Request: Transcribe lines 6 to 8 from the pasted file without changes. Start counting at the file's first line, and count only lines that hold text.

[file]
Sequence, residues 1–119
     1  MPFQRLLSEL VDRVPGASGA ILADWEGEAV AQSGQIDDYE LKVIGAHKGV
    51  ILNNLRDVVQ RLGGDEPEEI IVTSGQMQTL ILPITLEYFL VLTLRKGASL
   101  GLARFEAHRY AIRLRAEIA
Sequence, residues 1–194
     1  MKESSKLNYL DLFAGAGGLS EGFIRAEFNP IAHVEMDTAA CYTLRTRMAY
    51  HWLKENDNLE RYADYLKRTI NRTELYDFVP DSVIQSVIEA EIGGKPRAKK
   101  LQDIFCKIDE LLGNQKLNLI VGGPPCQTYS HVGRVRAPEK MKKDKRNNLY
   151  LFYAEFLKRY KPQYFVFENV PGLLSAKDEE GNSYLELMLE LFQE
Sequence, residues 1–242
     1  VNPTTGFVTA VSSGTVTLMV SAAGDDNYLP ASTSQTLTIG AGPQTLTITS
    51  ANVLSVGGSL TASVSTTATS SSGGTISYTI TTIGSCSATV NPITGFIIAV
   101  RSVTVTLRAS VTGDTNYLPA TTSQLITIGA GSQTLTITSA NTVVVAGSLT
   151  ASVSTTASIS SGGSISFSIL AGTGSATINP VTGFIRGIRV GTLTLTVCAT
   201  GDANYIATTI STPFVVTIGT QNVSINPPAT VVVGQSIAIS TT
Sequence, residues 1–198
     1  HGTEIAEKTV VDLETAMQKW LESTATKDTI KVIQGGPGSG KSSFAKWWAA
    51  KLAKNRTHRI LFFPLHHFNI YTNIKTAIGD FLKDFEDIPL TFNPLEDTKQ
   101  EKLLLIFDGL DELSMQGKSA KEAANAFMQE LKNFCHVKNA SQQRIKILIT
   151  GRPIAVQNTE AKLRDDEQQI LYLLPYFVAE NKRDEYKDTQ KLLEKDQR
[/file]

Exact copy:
     1  MKESSKLNYL DLFAGAGGLS EGFIRAEFNP IAHVEMDTAA CYTLRTRMAY
    51  HWLKENDNLE RYADYLKRTI NRTELYDFVP DSVIQSVIEA EIGGKPRAKK
   101  LQDIFCKIDE LLGNQKLNLI VGGPPCQTYS HVGRVRAPEK MKKDKRNNLY